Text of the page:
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Alex Grin edited this page Jan 22, 2018 · 4 revisions


The type: tag describes the general type of work that will be required.

  • type: bug - Something is wrong or broken with the existing functionality. If you're filing a bug or starting to work on one, the most helpful first step is a reliable reproduction of the problem. Even if you're unable to resolve the bug completely, an accurate description of how to make the bug happen will help us (or another contributor) take care of it.

  • type: improvement - This feature already exists (or partially exists), but needs to be changed.

  • type: new feature - New functionality that does not exist yet.

  • type: refactor - Minimal user-visible changes, but significant internal work.

  • type: task - Either work that's not related to the code, or a small chore that does not fit into other categories.


The level: labels describe how much knowledge of (or experience with) LBRY you'll likely need to resolve the issue. Don't let the level scare you. If you're a new contributor but you`d like to dig right in, please do. The level tag is there as a guide to let you know what you're getting into. Also, contributions at higher levels are generally rewarded with larger bounties.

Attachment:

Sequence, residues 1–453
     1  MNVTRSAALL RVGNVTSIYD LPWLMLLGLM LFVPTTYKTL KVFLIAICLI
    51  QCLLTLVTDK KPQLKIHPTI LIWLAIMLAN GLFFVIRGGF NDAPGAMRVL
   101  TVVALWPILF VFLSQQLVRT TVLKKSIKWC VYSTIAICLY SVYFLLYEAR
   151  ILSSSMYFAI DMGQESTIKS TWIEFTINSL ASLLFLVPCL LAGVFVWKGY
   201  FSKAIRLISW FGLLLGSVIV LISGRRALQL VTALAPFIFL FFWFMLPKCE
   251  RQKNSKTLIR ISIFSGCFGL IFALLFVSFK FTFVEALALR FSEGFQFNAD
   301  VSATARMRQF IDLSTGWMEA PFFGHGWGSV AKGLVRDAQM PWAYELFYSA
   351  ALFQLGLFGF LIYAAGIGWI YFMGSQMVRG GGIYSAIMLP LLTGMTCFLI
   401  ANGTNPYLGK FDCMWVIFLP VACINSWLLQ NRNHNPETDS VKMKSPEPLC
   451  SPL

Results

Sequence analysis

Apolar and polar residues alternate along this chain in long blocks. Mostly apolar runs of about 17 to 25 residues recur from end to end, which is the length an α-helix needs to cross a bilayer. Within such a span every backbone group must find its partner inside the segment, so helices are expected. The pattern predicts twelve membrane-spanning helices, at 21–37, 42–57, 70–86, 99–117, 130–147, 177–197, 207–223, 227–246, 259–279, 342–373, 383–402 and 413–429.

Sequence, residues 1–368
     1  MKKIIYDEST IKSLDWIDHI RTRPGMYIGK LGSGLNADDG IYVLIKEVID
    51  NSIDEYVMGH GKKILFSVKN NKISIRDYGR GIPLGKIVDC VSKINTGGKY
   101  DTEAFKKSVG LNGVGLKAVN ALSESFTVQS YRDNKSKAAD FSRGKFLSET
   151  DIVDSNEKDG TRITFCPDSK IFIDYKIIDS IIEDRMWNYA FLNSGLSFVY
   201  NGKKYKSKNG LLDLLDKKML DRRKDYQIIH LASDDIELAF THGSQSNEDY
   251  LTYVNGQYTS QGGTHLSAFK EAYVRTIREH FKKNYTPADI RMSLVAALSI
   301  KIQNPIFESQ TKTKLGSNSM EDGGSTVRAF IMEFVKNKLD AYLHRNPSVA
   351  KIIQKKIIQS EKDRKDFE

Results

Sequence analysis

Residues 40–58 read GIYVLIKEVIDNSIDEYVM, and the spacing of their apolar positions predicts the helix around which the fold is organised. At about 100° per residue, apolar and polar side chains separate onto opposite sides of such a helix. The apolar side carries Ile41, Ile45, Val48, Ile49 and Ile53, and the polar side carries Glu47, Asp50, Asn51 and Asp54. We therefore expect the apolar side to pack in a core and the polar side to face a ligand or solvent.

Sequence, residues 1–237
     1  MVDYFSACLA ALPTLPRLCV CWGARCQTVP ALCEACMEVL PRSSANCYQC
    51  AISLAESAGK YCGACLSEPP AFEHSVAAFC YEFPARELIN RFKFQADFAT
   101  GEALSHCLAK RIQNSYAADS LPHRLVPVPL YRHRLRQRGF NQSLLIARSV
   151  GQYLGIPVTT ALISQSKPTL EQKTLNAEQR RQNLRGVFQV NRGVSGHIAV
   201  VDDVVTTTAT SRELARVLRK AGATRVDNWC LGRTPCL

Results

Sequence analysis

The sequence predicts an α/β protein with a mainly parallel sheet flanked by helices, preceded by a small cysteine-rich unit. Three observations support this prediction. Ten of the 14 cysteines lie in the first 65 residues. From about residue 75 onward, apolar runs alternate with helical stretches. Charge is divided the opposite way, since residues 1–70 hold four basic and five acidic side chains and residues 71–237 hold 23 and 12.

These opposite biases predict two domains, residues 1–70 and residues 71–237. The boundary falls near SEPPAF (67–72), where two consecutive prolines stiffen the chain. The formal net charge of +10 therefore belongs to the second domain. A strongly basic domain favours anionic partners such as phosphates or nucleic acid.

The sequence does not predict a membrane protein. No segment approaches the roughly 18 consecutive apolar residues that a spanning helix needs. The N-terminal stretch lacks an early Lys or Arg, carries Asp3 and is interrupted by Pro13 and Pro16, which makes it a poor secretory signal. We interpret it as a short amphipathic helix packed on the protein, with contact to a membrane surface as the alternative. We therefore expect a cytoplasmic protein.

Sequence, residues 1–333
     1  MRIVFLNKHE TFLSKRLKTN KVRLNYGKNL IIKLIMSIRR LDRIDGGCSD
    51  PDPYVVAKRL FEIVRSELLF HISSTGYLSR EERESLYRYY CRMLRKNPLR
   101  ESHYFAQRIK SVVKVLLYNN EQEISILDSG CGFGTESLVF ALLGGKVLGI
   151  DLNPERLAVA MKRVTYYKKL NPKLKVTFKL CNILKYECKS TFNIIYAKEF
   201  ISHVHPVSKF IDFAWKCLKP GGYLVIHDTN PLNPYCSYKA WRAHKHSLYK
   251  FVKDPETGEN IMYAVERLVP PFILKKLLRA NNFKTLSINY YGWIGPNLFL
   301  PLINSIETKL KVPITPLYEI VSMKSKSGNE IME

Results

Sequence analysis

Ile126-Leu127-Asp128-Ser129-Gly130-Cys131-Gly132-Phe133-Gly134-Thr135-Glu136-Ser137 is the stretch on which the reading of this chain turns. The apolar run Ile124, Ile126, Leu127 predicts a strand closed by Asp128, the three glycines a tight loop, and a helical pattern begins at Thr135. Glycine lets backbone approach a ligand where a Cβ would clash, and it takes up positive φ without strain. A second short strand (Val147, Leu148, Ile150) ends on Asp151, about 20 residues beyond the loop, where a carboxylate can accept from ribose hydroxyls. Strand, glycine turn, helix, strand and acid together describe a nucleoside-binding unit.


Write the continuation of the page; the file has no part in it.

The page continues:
• level: 1 - No knowledge about LBRY necessary. Anyone with general programming knowledge should be able to make progress. Issues with this tag are good candidates for new contributors to start with.

  • level: 2 - Some knowledge would be very helpful. This may refer to LBRY-specific knowledge (e.g. claims, blob encryption) or to other technologies that are central to the system (e.g. blockchain transactions, DHT, electron, etc).

  • level: 3 - Significant knowledge. Issues with this tag are probably best for someone who has worked on a few other issues already. If you're gonna start an issue with this label, you may want to let us know.

  • level: 4 - Intimate knowledge of the protocol. This level is generally used for major new features, large refactors, or other complex issues.


area: labels group issues based on the logical section of the code that is affected. Getting familiar with one or two areas of the code at a time is easier than trying to understand the whole codebase at once. Areas also map well to prior experience. If you've worked on Bitcoin or similar projects before, you may already be comfortable with wallet issues. If you're familiar with Bittorrent, you may want to explore the network tag.

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